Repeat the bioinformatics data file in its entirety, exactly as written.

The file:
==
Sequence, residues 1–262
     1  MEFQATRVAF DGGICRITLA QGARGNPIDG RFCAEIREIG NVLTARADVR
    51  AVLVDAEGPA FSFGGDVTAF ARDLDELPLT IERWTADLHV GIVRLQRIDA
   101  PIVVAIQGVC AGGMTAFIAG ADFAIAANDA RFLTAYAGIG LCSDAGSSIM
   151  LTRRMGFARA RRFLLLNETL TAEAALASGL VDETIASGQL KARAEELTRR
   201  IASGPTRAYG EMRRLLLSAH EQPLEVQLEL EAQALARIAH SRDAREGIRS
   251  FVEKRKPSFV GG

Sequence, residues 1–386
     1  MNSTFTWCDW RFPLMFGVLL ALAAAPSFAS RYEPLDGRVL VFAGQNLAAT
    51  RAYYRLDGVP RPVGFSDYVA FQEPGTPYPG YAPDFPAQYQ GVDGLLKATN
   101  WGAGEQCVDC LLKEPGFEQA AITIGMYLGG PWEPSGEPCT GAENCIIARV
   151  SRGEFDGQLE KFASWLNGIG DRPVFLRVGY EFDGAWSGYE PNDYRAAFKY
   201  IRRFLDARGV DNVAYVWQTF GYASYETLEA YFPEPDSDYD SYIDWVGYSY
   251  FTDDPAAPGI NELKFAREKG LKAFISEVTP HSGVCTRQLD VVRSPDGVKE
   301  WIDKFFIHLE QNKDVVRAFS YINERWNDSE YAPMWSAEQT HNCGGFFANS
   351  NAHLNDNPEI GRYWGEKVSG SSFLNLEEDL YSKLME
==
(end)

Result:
Sequence, residues 1–262
     1  MEFQATRVAF DGGICRITLA QGARGNPIDG RFCAEIREIG NVLTARADVR
    51  AVLVDAEGPA FSFGGDVTAF ARDLDELPLT IERWTADLHV GIVRLQRIDA
   101  PIVVAIQGVC AGGMTAFIAG ADFAIAANDA RFLTAYAGIG LCSDAGSSIM
   151  LTRRMGFARA RRFLLLNETL TAEAALASGL VDETIASGQL KARAEELTRR
   201  IASGPTRAYG EMRRLLLSAH EQPLEVQLEL EAQALARIAH SRDAREGIRS
   251  FVEKRKPSFV GG

Sequence, residues 1–386
     1  MNSTFTWCDW RFPLMFGVLL ALAAAPSFAS RYEPLDGRVL VFAGQNLAAT
    51  RAYYRLDGVP RPVGFSDYVA FQEPGTPYPG YAPDFPAQYQ GVDGLLKATN
   101  WGAGEQCVDC LLKEPGFEQA AITIGMYLGG PWEPSGEPCT GAENCIIARV
   151  SRGEFDGQLE KFASWLNGIG DRPVFLRVGY EFDGAWSGYE PNDYRAAFKY
   201  IRRFLDARGV DNVAYVWQTF GYASYETLEA YFPEPDSDYD SYIDWVGYSY
   251  FTDDPAAPGI NELKFAREKG LKAFISEVTP HSGVCTRQLD VVRSPDGVKE
   301  WIDKFFIHLE QNKDVVRAFS YINERWNDSE YAPMWSAEQT HNCGGFFANS
   351  NAHLNDNPEI GRYWGEKVSG SSFLNLEEDL YSKLME